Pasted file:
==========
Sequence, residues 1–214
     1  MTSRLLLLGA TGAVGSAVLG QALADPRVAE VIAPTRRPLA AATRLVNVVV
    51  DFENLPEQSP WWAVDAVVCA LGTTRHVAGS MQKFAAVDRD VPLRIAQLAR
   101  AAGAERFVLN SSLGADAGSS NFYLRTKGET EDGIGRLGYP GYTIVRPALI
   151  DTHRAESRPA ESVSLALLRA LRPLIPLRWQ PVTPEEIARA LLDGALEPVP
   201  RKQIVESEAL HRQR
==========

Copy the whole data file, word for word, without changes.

Sequence, residues 1–214
     1  MTSRLLLLGA TGAVGSAVLG QALADPRVAE VIAPTRRPLA AATRLVNVVV
    51  DFENLPEQSP WWAVDAVVCA LGTTRHVAGS MQKFAAVDRD VPLRIAQLAR
   101  AAGAERFVLN SSLGADAGSS NFYLRTKGET EDGIGRLGYP GYTIVRPALI
   151  DTHRAESRPA ESVSLALLRA LRPLIPLRWQ PVTPEEIARA LLDGALEPVP
   201  RKQIVESEAL HRQR